Journal Information
Vol. 10. Issue 4.
Pages 267-268 (July - August 2014)
Vol. 10. Issue 4.
Pages 267-268 (July - August 2014)
Letter to the Editor
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Atypical Cogan's Syndrome Associated With Sudden Deafness and Glucocorticoid Response
Síndrome de Cogan atípico asociado a sordera brusca y respuesta a los glucocorticoides
Silvia Montesa,
Corresponding author

Corresponding author.
, Samantha Rodríguez-Muguruzab, Viña Soriac, Alejandro Olivéb
a Servicio de Reumatología, Hospital Universitario San Cecilio, Granada, Spain
b Servicio de Reumatología, Hospital Germans Trias i Pujol, Barcelona, Spain
c Servicio de Otorrinolaringología, Hospital Germans Trias i Pujol, Barcelona, Spain
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Dear Editor,

Cogan's syndrome (CS), described by David G. Cogan in 1945,1 is a disease of unknown etiology, but probably has an autoimmune basis. It is characterized by the association of non-syphilitic interstitial keratitis and audiovestibular symptoms (similar to Meniere's syndrome), occurring in a period of less than 2 years. It occurs predominantly in young adult Caucasians. There is no predominance of gender.2 When the eye or audiovestibular manifestations are different from what is seen, or the interval between them is more than 2 years, it is called atypic CS.3 It may be associated with other systemic manifestations such as aortitis and vasculitis.4 A patient with atypical CS is presented.

The patient is a 44-year-old male, hypertensive, with axial psoriatic arthritis since age 20 and anterior nongranulomatous uveitis developed in the last 4 years. He attended consultation derived from Otorrhinolaryngology for bilateral Ménière's syndrome resistant to standard therapy, of 3 years of evolution. Audiometry revealed cophosis stood in the left ear and moderate hearing loss in the right ear (RE) at 60dB (the patient wore a hearing aid). Physical examination showed psoriasis and redness in the extremities of both ears, which were rubbery to the touch. No peripheral arthritis was found but he had axial involvement (BASMI: 6). No other data were found upon examination. Laboratory tests showed: ESR of 49mm in the 1st hour and CRP 25mg/L. CBC, serum biochemistry and urinalysis were normal. Autoimmunity: rheumatoid factor, antineutrophil cytoplasmic antibodies, antinuclear antibodies and anti-CCP antibody were all negative. HLA B27 antigen was positive. C3 and C4 were normal. Radiographs of the chest, hands and feet were normal. The sacroiliac X-rays showed stage IV sacroiliitis. Electrocardiogram, echocardiography and computed tomography with intravenous contrast were normal. Atypical CS was diagnosed associated with relapsing polychondritis (no biopsy was performed) and psoriatic arthritis. Methotrexate (MTX) was started orally at doses of 12.5mg/week. At 2 months he presented sudden hearing loss in the RE compared to baseline. The bilateral otoscopy was normal. Audiometry revealed a serious 60dB drop in treble in the RE conversational frequencies. ESR and CRP were 86mm and 45.30mg/L, respectively. Treatment was initiated with boluses of methylprednisolone 1000mg every 24h for 3 days, showing a good response, recovering RE hearing to baseline (determined through a new audiometry) and normalization of acute phase reactants. The patient was discharged with prednisone 30mg/day and tapered the dosage of MTX to 12.5mg/week, remaining asymptomatic after 6 months. Since the first description of CS, more than 220 cases have been described, 92 of them appearing atypically.5 Unlike typical CS, the atypical variety is most commonly associated with systemic6 manifestations and other autoimmune diseases, such as sarcoidosis, rheumatoid arthritis, relapsing polychondritis, juvenile idiopathic arthritis, Sjögren's syndrome and inflammatory bowel disease, among others.7 Our case may raise doubts about the diagnosis, given the coexistence of several autoimmune8,9 diseases. Psoriatic arthropathy could justify that the patient presented uveitis. Relapsing polychondritis can also present with hearing loss and vertigo, although generally it is a conductive hearing loss and vestibular dysfunction is not as similar to Meniere's. In this patient, the vestibular episodes were intense, with prolonged and bilateral sensorineural hearing loss, preceded by ocular involvement in less than a two year interval, and in the absence of specific complementary data, made us opt for the diagnosis of atypical CS, fulfilling the criteria established by Haynes et al.,3 with 2 associated autoimmune disorders (psoriatic arthritis and relapsing polychondritis) and showing a good response to corticosteroid and immunosuppressive therapy, something relevant given the poor prognosis of deafness.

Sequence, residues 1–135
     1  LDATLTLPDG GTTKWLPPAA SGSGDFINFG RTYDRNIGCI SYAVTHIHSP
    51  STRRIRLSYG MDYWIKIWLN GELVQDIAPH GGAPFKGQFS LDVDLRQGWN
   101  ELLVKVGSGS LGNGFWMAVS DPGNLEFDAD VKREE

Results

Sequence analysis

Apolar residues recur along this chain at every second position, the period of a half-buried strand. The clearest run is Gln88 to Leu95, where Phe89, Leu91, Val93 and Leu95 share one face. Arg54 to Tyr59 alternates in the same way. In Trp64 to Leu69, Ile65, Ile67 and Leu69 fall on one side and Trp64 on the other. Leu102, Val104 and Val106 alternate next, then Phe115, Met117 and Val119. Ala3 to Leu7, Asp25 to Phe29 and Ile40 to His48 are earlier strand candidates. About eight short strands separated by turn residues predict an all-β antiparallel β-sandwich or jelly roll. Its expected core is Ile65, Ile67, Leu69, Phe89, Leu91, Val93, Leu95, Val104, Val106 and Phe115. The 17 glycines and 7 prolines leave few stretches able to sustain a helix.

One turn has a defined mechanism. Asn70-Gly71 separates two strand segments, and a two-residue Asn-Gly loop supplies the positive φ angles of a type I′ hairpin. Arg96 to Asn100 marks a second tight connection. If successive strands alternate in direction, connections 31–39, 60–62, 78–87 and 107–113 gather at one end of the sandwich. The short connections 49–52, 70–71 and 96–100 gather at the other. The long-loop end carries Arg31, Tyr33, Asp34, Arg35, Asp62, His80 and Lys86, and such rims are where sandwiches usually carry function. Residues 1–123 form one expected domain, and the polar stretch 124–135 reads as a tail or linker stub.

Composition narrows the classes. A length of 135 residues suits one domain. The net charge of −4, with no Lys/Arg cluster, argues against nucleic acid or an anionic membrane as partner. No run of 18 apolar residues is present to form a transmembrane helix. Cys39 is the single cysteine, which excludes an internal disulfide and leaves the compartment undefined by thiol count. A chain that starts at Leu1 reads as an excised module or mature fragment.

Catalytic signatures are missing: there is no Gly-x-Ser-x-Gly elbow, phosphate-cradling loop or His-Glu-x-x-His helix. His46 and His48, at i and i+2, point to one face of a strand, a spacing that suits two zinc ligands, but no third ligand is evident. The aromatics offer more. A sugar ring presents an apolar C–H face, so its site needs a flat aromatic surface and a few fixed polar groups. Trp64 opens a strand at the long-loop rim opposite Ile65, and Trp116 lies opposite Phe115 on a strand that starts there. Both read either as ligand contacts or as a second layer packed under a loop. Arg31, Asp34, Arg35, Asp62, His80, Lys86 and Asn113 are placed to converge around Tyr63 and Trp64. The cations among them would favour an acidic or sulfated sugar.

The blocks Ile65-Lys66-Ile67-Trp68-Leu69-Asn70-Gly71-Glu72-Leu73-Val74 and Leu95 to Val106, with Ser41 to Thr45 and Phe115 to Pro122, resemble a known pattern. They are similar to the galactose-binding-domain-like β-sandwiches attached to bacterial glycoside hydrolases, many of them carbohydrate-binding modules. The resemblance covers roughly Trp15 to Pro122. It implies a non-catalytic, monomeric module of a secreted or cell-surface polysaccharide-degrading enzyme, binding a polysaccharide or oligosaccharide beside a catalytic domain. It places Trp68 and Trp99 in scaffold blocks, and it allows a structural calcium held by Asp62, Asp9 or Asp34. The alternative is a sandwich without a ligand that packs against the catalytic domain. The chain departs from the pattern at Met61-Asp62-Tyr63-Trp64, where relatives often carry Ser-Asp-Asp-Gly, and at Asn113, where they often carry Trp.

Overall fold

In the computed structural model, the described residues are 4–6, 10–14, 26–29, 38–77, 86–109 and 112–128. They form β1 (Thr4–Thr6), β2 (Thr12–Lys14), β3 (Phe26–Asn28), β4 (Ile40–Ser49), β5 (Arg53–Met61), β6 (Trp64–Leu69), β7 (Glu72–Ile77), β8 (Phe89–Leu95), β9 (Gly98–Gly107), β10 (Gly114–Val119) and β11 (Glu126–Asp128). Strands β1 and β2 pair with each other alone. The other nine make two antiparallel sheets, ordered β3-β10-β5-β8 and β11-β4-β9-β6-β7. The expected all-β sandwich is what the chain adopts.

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Please cite this article as: Montes S, Rodríguez-Muguruza S, Soria V, Olivé A. Síndrome de Cogan atípico asociado a sordera brusca y respuesta a los glucocorticoides. Reumatol Clin. 2014;10:267–268.

Copyright © 2013. Elsevier España, S.L.. All rights reserved
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